Our refuge begins deeper back, before human memory. It hides in rock pools and shallows, grown into the forms of jellyfish, limpet and crab. It lives in stone, whose stories are older than words. It surfaces in small hands, turning over rocks in the shallows, shrieking at the tide water rushing over rubber boots. It returns in the touch of small things, and speaks in silent gestures, in the shape of trees bent by the west wind, the huddle of gulls on the cliff, the wind worn into the textures of abandoned buildings. It persists, even as it changes. It takes time, however slow.
The sharp edges of our troubled moment register in the deep shapes of the coastal landscape. From off Galway, mountains line the sea as jagged as a cardiogram, the broken peaks softened by cloud. Further south, the Skelligs are so far out that the presence of land registers as a change in the sky, the distant light diffuse over unseen cliffs and fields. From here the gannets dive down from the heights, arrows into water. Sunk somewhere is the Atlantis of dead dreams, of empire, colony and domination. Pollution reigns over those ruins, its viceroys alienation and despair, the aftermath of which there is no undoing. Out west is the horizon, the setting sun curving the planet back towards Panthalassa, the one ocean.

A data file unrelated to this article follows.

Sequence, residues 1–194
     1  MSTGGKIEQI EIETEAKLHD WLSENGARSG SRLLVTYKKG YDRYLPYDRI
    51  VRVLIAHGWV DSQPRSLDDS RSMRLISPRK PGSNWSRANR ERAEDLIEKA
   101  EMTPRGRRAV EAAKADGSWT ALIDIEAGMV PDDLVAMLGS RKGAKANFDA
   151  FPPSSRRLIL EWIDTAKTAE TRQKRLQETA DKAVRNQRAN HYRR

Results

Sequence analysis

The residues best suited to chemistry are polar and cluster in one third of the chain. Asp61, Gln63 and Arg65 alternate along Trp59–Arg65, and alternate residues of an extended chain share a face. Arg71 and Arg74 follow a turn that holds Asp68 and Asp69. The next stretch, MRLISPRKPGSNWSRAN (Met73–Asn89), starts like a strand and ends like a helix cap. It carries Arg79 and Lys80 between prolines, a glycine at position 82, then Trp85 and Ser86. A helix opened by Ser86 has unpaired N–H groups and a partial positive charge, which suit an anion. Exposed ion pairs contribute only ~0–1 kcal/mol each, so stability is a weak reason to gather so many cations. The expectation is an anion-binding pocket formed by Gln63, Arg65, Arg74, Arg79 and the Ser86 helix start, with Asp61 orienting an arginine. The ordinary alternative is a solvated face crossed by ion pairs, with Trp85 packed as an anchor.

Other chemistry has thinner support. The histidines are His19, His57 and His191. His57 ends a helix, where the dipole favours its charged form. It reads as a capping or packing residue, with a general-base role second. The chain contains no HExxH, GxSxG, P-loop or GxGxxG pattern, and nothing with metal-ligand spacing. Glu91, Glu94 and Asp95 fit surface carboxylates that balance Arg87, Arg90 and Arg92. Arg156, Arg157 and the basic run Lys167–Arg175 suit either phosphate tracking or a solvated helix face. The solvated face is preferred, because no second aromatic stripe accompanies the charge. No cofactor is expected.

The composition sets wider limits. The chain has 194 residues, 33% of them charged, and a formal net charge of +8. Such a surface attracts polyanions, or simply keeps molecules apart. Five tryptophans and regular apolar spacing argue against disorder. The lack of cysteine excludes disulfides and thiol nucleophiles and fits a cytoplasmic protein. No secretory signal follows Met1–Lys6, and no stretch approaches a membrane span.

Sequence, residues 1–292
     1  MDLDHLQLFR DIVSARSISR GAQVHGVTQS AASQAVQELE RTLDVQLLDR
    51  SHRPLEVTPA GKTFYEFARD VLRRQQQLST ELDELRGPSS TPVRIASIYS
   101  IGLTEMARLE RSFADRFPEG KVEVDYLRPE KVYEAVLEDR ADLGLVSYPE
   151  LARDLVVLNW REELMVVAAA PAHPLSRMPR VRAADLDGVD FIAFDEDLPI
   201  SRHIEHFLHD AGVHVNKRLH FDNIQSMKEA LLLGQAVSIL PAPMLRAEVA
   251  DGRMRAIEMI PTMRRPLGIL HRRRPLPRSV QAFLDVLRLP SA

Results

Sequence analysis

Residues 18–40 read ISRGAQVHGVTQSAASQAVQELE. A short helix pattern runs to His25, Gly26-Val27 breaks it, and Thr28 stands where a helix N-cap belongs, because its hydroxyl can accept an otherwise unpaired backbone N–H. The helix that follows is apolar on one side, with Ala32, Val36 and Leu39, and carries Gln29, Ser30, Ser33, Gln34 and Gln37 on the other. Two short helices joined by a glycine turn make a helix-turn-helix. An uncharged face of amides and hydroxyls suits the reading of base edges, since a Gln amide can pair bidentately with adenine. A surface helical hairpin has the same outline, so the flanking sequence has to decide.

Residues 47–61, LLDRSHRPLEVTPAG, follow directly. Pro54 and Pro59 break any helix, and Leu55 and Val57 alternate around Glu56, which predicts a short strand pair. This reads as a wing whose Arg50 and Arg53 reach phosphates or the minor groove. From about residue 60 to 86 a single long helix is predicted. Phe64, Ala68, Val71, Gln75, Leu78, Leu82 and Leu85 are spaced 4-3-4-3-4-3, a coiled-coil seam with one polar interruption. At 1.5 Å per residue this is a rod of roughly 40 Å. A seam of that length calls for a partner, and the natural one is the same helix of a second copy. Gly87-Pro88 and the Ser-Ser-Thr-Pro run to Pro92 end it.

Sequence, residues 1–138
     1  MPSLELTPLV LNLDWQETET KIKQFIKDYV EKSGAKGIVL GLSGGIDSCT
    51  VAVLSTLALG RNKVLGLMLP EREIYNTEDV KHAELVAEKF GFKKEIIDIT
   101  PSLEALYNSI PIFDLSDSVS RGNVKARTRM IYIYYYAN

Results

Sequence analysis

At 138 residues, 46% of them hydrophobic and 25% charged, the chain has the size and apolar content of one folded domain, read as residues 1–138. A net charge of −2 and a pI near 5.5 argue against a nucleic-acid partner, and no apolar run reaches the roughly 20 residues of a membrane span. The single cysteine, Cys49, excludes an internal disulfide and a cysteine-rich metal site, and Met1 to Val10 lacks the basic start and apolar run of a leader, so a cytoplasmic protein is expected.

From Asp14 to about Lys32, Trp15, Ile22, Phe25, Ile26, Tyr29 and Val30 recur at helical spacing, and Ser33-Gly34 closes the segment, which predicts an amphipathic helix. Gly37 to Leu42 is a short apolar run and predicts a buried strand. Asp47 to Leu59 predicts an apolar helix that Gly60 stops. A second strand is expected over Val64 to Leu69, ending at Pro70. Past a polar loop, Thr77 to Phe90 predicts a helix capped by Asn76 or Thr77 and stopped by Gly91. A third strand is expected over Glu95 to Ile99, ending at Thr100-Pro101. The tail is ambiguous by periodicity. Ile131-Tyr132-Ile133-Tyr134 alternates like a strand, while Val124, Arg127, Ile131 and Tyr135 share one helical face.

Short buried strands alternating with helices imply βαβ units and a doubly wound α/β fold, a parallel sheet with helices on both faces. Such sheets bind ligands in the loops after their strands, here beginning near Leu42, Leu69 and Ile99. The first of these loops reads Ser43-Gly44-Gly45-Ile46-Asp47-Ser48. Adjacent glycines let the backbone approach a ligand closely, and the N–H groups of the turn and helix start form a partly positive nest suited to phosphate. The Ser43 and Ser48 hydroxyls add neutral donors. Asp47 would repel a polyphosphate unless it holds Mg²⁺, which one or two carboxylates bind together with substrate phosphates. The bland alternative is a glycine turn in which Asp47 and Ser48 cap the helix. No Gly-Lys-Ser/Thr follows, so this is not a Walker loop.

We have, even now, the capacity to think again, unafraid, our island a vision sensual and collective, lightly drawn in the sweeping lines of a tide we walk together. For each island has its own rhythm, which beats through people and buildings, roads, hills, beaches, trees, plants, and birds. It murmurs in the night from waves breaking on the invisible shore. It thrums through the day at a frequency just below the wind. Holding this in mind is a practice of attention that is of the dream time, each self an island attached to others, all part of a pattern that signals the approach to Hy-Brasil.
We live in the long evening of the western sea, as the light dims. Around us are the grey fragments of past lives in broken slate and fallen stone, the exposed skeletons of the ages whorled with fossil ghosts. The shore is quietening, the birds falling, anglers reeling in empty lines. Before us is dark water and lowering sky, beneath us the shift of tide-pulled pebbles. Above us, other planets flare in the dark, the stars in their train, Venus and Polaris. In this brief moment, the fraction of a fraction of a fraction of oceanic time, the sky reflects the sea, the way forward a journey past the islands of our former selves.
Hy-Brasil is a premonition of this future. Its architecture is drawn from the language and experience of millennia, the interaction of all life in the animate ecology of water, stone and sky. Its cosmology is the pattern of place and object drawn in the texture of rope, slate, sand and paper. Its hope is survival, in solidarity with all around us, from near shore to far. Life on this island is the endless declension of dream, time and expression. Speaking as rock and wave, bird and fish, is the province of art. It has been since before Sweeney took to the trees and fled, and now we learn that language again, in mouth, by hand, and spirit.